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Learn more about the hard-working Colombian beetles who clean garbage and then retire as pets

Germán Viasus Tibamoso, a Colombian environmental engineer who turns food waste into fertilisers using beetle larvae, had three yellow and black bugs clung to his shirt.

He mumbled to them in Japanese as he motioned for them to proceed, attempting to adapt them to the noises of their future homes, he claimed.

The large bugs, which can reach a length of 17 centimetres (6.5 inches), lead a wonderfully sophisticated and productive life among the people who raise and gather them.

In the rural vicinity of Tunja, which is located about 150 kilometres (95 miles) northwest of the Colombian capital of Bogota, Viasus runs a business named Tierra Viva.

An attempt as a postgraduate student to produce organic fertilizer with worms failed, Viasus said, but he found beetle larvae in the bags of earth that remained. He tried using them instead. And it worked.

The earth is covered with tonnes of food waste that have been collected from adjacent settlements and put out in concrete ditches. The larvae is then introduced.

They chew through the garbage and their digestive microbes convert it into a nitrogen and phosphorus rich fertilizer.

The product goes through a filter to separate the fertilizer from the larvae, who are about to develop into adult beetles, after about four months.

They mate and their eggs are used to start the process anew. The adults, however, go on very different journeys. Some are headed for scientific labs. And a lucky few embark on a future across the Pacific in Japan, where beetles are popular as pets and are even sold over online emporiums such as Amazon.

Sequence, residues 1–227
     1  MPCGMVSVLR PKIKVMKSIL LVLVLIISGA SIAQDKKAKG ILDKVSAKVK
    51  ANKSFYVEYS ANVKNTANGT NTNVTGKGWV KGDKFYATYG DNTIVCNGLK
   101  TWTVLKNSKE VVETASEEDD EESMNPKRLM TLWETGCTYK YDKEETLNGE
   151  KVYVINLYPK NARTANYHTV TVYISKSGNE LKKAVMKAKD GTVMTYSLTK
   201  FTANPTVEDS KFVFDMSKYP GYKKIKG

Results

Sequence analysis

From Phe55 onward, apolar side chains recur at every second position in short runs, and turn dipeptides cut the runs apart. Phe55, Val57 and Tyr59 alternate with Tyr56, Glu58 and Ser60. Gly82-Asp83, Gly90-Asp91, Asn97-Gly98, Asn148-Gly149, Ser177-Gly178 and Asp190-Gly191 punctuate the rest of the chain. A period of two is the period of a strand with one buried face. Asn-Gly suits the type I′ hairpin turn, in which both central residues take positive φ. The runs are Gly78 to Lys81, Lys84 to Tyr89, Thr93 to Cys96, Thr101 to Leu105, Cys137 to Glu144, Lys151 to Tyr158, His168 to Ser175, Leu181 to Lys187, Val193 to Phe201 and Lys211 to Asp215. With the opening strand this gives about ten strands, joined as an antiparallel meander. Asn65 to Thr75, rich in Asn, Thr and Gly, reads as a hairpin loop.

Tierra Viva has been exporting the bugs, largely Hercules beetles since 2004 and Viasus said they can bring as much as $150 each.

The company sent 100 beetles to Tokyo this year, down from 300 last year and they were kept in little plastic containers with food and air openings.

The sales are often in the company’s variant of cryptocurrency, called ‘Kmushicoin,’ a variant on a Japanese word for beetle.

Viasus, 52, expressed his hope that the project would flourish for another century, possibly with the use of its fertiliser in reforestation initiatives.

‘It’s very difficult in Colombia, because we do it without any help from the state or any other entity. In any other country of the world, a project like this would get a lot of help,’ he said.


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